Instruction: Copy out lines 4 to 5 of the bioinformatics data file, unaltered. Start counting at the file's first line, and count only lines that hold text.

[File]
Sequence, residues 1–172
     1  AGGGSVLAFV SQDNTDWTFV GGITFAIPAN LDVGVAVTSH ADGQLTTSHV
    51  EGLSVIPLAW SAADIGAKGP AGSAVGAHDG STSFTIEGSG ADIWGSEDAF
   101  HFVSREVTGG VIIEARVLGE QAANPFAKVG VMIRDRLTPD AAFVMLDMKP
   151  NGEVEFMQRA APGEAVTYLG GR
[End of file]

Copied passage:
   101  HFVSREVTGG VIIEARVLGE QAANPFAKVG VMIRDRLTPD AAFVMLDMKP
   151  NGEVEFMQRA APGEAVTYLG GR